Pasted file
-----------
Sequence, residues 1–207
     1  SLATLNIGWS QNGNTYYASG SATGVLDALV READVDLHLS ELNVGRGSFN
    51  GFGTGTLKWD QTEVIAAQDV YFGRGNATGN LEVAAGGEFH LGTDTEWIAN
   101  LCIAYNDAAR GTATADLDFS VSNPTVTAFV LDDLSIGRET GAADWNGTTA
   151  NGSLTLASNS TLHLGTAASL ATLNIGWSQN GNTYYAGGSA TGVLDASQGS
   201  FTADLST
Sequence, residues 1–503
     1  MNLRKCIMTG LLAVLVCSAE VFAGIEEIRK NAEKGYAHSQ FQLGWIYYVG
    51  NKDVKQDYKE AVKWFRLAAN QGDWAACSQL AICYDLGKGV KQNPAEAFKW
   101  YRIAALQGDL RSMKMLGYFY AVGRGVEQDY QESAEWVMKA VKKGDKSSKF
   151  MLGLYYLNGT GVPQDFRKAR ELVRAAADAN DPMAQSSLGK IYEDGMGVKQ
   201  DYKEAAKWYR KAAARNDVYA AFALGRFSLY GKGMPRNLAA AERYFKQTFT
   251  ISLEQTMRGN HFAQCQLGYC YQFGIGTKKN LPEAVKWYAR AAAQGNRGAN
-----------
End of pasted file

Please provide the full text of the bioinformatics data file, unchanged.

Sequence, residues 1–207
     1  SLATLNIGWS QNGNTYYASG SATGVLDALV READVDLHLS ELNVGRGSFN
    51  GFGTGTLKWD QTEVIAAQDV YFGRGNATGN LEVAAGGEFH LGTDTEWIAN
   101  LCIAYNDAAR GTATADLDFS VSNPTVTAFV LDDLSIGRET GAADWNGTTA
   151  NGSLTLASNS TLHLGTAASL ATLNIGWSQN GNTYYAGGSA TGVLDASQGS
   201  FTADLST
Sequence, residues 1–503
     1  MNLRKCIMTG LLAVLVCSAE VFAGIEEIRK NAEKGYAHSQ FQLGWIYYVG
    51  NKDVKQDYKE AVKWFRLAAN QGDWAACSQL AICYDLGKGV KQNPAEAFKW
   101  YRIAALQGDL RSMKMLGYFY AVGRGVEQDY QESAEWVMKA VKKGDKSSKF
   151  MLGLYYLNGT GVPQDFRKAR ELVRAAADAN DPMAQSSLGK IYEDGMGVKQ
   201  DYKEAAKWYR KAAARNDVYA AFALGRFSLY GKGMPRNLAA AERYFKQTFT
   251  ISLEQTMRGN HFAQCQLGYC YQFGIGTKKN LPEAVKWYAR AAAQGNRGAN